Tonight, if a recent Pew Research Center poll is to be believed, a massive television audience will tune in to watch President Barack Obama deliver his big health care speech to a joint session of Congress. Obama likely believes he can entice many of those viewers to embrace his version of reform; the press will likely judge the speech’s success by how much it boosts approval for Obama personally, and for reform in general—in Slate, Timothy Noah entertainingly aggregates the coverage calling this a “make or break” moment. And it’s not just the mainstream media that will use the speech as a measuring stick. Nate Silver, the wunderkind behind FiveThirtyEight.com, has called tonight’s speech “The Biggest Moment of His Presidency.”

But there’s good reason to be skeptical that the speech, whatever its strengths or weaknesses, will have much effect in moving public opinion—because, as we’ve written before, the evidence that presidential speeches can ever move public opinion is surprisingly scarce. Yesterday, the political scientist John Sides made this point in an excellent post at The Monkey Cage. Sides quotes another political scientist, George Edwards, who found, in a study with a twenty-year sample:

…statistically significant changes in approval rarely follow a televised presidential address. Typically, the president’s ratings hardly move at all. Most changes are well within the margin of error—and many of them show a loss of approval.

Sides also provides some good analysis showing that Bill Clinton’s health care speech in September 1993—sometimes cited as an exception to that rule—wasn’t much of an exception after all. In fact, from mid-1993 to early 1994, Clinton’s approval rating was on a long-term incline. Depending on which polls you look at, the immediate aftermath of that speech may have been one of the few times his support didn’t rise.

Gary Langer of ABC News, meanwhile, accepts the premise that Clinton’s speech moved his ratings, but notes that the effect ebbed so quickly as to be more of a blip than anything else. And both Sides and Langer point out why a speech is unlikely to be a game-changer: even with a wide audience, most viewers will be politically attuned, high-information types who have already made up their minds.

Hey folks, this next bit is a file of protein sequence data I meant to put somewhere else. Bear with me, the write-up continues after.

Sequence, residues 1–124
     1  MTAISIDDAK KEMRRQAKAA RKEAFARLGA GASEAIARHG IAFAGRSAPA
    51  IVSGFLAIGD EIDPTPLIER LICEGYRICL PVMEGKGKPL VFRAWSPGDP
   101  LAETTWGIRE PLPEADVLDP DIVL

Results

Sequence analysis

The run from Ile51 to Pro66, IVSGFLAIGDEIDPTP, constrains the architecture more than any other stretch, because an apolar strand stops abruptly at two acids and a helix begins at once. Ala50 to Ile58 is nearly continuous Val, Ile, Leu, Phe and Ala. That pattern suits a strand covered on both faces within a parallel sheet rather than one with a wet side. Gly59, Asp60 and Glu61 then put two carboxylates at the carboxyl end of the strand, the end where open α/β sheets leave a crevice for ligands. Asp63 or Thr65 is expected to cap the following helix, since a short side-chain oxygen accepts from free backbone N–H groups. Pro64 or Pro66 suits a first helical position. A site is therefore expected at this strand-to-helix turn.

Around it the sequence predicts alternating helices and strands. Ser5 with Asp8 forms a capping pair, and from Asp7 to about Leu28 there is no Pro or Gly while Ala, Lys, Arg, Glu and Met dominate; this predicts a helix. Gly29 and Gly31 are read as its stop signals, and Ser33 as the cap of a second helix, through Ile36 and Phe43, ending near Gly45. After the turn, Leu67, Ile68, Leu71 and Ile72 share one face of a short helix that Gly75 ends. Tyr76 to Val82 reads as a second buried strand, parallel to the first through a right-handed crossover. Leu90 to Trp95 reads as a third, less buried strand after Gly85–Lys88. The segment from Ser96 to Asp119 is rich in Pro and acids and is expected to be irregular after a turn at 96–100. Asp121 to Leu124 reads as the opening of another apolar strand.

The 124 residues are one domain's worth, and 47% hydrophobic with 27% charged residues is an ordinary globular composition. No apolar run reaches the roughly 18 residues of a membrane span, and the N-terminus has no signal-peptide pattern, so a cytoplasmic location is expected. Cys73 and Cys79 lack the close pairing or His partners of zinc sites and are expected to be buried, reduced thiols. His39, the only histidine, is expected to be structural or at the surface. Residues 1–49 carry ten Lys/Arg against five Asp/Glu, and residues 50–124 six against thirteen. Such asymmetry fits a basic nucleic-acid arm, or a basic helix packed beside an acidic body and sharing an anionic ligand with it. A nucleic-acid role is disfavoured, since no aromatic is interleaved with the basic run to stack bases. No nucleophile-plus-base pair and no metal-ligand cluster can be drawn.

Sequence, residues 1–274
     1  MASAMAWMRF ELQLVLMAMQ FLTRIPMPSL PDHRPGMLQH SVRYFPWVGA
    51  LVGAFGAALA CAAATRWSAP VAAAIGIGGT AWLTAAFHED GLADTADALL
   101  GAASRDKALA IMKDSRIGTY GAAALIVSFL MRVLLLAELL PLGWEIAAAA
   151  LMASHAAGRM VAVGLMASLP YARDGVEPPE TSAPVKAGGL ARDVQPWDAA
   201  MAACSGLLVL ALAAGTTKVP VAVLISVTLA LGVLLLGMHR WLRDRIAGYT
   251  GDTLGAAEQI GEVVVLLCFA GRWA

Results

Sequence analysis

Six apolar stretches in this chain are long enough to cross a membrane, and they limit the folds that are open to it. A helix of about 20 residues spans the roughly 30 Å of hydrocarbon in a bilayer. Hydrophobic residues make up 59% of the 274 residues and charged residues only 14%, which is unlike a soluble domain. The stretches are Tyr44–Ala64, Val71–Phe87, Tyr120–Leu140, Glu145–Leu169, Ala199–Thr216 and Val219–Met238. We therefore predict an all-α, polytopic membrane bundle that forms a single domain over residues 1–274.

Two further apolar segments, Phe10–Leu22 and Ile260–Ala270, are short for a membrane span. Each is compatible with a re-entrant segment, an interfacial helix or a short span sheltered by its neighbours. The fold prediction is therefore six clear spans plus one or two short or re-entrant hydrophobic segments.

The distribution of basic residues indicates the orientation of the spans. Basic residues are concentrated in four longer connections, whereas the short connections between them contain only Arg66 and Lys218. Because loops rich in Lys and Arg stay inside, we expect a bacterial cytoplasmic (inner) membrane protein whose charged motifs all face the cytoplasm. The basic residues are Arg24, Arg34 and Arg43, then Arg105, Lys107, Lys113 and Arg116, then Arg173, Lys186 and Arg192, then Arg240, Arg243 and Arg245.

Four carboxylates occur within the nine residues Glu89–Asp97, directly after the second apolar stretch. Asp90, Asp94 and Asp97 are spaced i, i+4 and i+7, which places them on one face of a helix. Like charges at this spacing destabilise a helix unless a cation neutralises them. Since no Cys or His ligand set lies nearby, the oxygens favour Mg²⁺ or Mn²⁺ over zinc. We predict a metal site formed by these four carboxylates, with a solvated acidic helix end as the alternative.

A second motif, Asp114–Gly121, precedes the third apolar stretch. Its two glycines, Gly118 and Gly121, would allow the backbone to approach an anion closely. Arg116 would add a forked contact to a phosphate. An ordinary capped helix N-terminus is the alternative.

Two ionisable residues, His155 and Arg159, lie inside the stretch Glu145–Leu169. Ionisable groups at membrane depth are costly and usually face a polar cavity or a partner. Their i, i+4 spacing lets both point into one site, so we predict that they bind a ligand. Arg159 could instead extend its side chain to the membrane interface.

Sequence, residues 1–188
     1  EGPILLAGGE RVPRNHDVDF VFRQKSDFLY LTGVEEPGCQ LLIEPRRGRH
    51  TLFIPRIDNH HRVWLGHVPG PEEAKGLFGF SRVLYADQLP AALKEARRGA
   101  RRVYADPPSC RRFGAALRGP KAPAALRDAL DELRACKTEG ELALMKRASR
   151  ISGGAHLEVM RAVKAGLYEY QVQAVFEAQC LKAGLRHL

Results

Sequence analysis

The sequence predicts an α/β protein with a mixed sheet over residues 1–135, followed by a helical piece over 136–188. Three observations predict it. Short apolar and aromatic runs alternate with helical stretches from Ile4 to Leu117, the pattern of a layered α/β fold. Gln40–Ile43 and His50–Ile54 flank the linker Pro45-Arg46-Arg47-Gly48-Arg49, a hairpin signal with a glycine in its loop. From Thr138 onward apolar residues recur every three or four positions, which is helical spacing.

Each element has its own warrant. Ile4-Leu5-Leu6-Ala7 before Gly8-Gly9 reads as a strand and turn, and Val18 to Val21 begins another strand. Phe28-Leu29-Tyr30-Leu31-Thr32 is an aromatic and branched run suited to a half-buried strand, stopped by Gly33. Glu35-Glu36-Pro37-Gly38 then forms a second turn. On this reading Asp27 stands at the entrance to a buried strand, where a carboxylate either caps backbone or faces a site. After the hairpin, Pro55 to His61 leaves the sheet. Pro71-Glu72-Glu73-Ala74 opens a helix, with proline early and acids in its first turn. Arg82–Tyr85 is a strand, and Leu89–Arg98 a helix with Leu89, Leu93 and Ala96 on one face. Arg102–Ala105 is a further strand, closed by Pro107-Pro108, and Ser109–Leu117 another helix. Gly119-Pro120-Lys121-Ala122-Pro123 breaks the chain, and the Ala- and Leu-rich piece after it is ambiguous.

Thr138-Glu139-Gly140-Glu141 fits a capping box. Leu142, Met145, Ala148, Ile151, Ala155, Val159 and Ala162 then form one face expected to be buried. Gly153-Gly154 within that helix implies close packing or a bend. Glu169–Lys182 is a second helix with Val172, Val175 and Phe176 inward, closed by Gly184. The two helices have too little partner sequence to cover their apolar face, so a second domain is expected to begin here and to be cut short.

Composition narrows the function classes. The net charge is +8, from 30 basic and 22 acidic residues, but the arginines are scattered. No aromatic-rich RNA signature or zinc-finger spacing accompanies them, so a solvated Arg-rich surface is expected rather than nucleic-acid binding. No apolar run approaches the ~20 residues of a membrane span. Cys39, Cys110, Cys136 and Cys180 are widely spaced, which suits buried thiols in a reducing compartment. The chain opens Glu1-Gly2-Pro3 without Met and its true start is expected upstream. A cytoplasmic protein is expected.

Even if Clinton’s speech wasn’t an outlier, there’s at least some reason to think Obama’s might be. According to that same Pew Poll, 93 percent of respondents said health care reform was “important,” and 73 percent said it affected them personally. At the same time, 67 percent of people said the debate was “hard to understand.” If you were trying to create a profile of an issue on which people’s minds were open to change, this is more or less what you’d come up with—an audience that’s motivated to find out more information. Still, it’s better to stick with the rule than to assume that you’ve hit on the exception, so observers would be wise to keep expectations in check.

Although Obama has likely overestimated his own persuasive powers, he may have stumbled upon some fortuitous timing nevertheless. As several observers have pointed out in recent days, the outlook for the Democrats’ health care reform push is as sunny as it’s been in some time, for reasons that don’t seem to have much to do with the president’s public appeals. Max Baucus, whose slow-paced approach to negotiations helped hold up reform before the August recess, is now talking about the need for speed. Olympia Snowe, one of the three Republicans in Baucus’s “Gang of Six,” seems to be genuinely looking for a deal. Ben Nelson, probably the most conservative Democrat in Congress, is making noises about accepting some form of the “public option” liberals have been demanding.

These are the people who can make reform happen; at the moment, it looks as though they may be inclined to do so (though not, most likely, in the form that’s most appealing to Obama’s liberal base). Over the last few months, the president has taken a lot of grief—not all of it fair—for not finding some way to make them do his bidding. If he goes out and gives a great speech tonight, he may end up—not for all the right reasons—with the credit.

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Greg Marx is an adjunct lecturer at The Medill School and a facilitator with The OpEd Project. She served as an editorial board member, columnist, library director, and No. 2 in the features department of the Chicago Sun-Times.